Ludovic Morlot returns to Seattle to lead a moving performance of a Messiaen rarity

United StatesUnited States Messiaen, Des canyons aux étoiles…: Steven Osborne (piano), Jeffrey Fair (horn), Deborah O’Grady (videos), Seattle Symphony Orchestra / Ludovic Morlot (conductor). Benaroya Hall, Seattle, 4.6.2022. (ZC)

Ludovic Morlot conducts Messiaen’s From the Canyons to the Stars … © James Holt

By the mid-1970s, Olivier Messiaen had firmly established his distinctive musical voice. Vivid orchestral writing, a co-mingling with spiritual purpose and the sounds of the natural world marked most of his major works. He sought what many saw as unachievable – a union of the physical and metaphysical through music – but a commission for the bicentennial of the United States Declaration of Independence put the unachievable within reach.

The project fueled the composer’s fascination with the American West, especially Bryce Canyon in Utah. Seeking inspiration, he journeyed to Utah and Arizona to experience the region’s wild beauty. There he documented birdsongs, reveled in nature’s noisy silence and, above all, experienced what he described as the ‘gift of awe’.

Out of this experience, Messiaen composed one of his most ambitious works: Des canyons aux étoiles… (From the Canyons to the Stars…), a spare, 90-minute masterpiece in three parts and twelve movements.  Abounding in rich, impressionistic colors, the work is sacred music, a travelog and a showcase for solo piano, horn and percussion. The composer paints in massed, deep-hued orchestral colors one moment and in kaleidoscopic sonic fragments the next. The orchestra and augmented percussion are expected to play with ecstatic fervor and pinpoint clarity.

Bringing the work to the stage with the Seattle Symphony was Conductor Emeritus Ludovic Morlot, and the performance was a sober reminder of what Seattle lost when the French conductor left the orchestra in 2019 after eight ambitious and impressive years at the podium. In his time here, Morlot challenged audiences to push their listening boundaries and made incredibly esoteric music approachable through innovative programing and friendly commentary from the stage. But, most of all, Morlot always elicited the best from the orchestra, as Saturday’s performance reminded the audience.

For added dimension, Morlot brought in Deborah O’Grady’s engrossing videos. O’Grady’s work was first displayed in 2016 for a performance by the Saint Louis Symphony. Back then, she described the images as ‘choreography and translation’: they move with the music but also attempt to bring Messiaen’s desert pilgrimage back into the visual world. They are mostly successful: wide, still shots of deserts with distant horizons evoke stillness and, when the music turns jagged, alien and warm in ‘Bryce Canyon and the Red-Orange Rocks’, O’Grady matches the aural tones with imposing, brightly colored images that appear to emerge from the orchestra. Only in a few parts, where she punctuates the score with scenes of junked out cars, power lines and other man-made ephemera, is her point less clear.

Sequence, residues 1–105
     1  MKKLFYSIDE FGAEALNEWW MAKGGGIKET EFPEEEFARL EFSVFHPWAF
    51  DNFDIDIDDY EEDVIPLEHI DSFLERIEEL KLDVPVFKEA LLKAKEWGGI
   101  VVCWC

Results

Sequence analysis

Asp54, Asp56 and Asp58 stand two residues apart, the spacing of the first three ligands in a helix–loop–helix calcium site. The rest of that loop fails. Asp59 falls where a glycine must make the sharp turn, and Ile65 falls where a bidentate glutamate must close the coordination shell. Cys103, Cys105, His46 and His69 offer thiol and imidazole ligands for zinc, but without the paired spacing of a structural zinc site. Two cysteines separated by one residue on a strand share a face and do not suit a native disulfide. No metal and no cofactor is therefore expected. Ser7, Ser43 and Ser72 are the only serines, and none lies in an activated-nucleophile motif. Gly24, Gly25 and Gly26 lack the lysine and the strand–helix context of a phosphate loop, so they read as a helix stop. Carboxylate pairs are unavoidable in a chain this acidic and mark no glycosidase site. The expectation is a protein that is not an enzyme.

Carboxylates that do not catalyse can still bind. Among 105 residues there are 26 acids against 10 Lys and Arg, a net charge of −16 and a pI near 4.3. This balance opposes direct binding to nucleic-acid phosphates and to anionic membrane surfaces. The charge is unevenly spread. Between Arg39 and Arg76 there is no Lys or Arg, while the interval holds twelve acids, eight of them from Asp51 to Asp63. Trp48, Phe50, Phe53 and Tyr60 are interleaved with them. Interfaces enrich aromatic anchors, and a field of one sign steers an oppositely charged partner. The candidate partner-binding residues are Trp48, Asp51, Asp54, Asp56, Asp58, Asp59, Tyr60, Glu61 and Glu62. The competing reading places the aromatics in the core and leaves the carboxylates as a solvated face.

Three solos are key to the work. Two for piano – ‘The White Browed Robin Chat’ and ‘The Mockingbird – are found in Parts I and III respectively, while ‘Interstellar Call’, a luminous horn solo, opens Part II. With force and precision, pianist Steven Osborne reminded us of Messiaen’s skill at manipulating bird songs.  Osborne’s endless technique is on display for both solos, but ‘The Mockingbird’ impresses most of all. He dazzled with keyboard acrobatics designed to emulate the chattering of the Mockingbird, but he also added sensitive phrasing, giving the movement a lyrical quality binding human, spiritual and natural elements together. ‘Interstellar Call’ received a similarly sensitive performance by Jeffrey Fair, the orchestra’s principal horn. Messiaen’s solo unfurled heavenward with mystery but with ample effects, and Fair’s performance was measured and deeply felt. He easily handled the oscillations, trills and flutters, his mellow sonority creating a sense of longing.

From the Canyons to the Stars… may be the highlight of the 2021/2022 Seattle Symphony season. In a few weeks they will close out their schedule with Verdi’s Requiem, a spiritual work of a different kind. Nevertheless, it is Morlot, Olivier Messiaen and the expanse of the American West that I hope lingers in my mind long after the stage goes dark at Benaroya Hall.

Zach Carstensen

2 thoughts on “Ludovic Morlot returns to Seattle to lead a moving performance of a Messiaen rarity”

  1. My wife and I were away for most of Morlot’s tenure, but we heard him before he was named music director, and again at the very end of his time with the orchestra. It was astonishing to hear the growth in the ensemble in the intervening years. In that time, they had clearly taken many steps forward. I wish Morlot the best and hope he returns again soon.

  2. Nice review, Zach. We attended the Saturday night concert. I won’t say I loved this piece, but I will say that it kept my full attention for an hour and a half, which is a testament unto itself. Messiaen’s musical voice really is unique — the emphasis on color, the fragmentary nature of the music, the fascination with the treble range of the orchestra — and it can be extraordinarily beautiful. It can also be difficult to follow Messiaen on his wide-ranging spiritual journeys.

    Thank you Ludovic Morlot for, at least for me, saving the Seattle Symphony’s season after the Dausgaard nightmare. Messiaen is right up Morlot’s alley: a colorist gets to paint with a full and seemingly inexhaustible palette of orchestral color. The orchestra, as usual, responded with precision and inspiration to Morlot’s leadership. Like you, Zach, this performance will linger in my mind for a long time.


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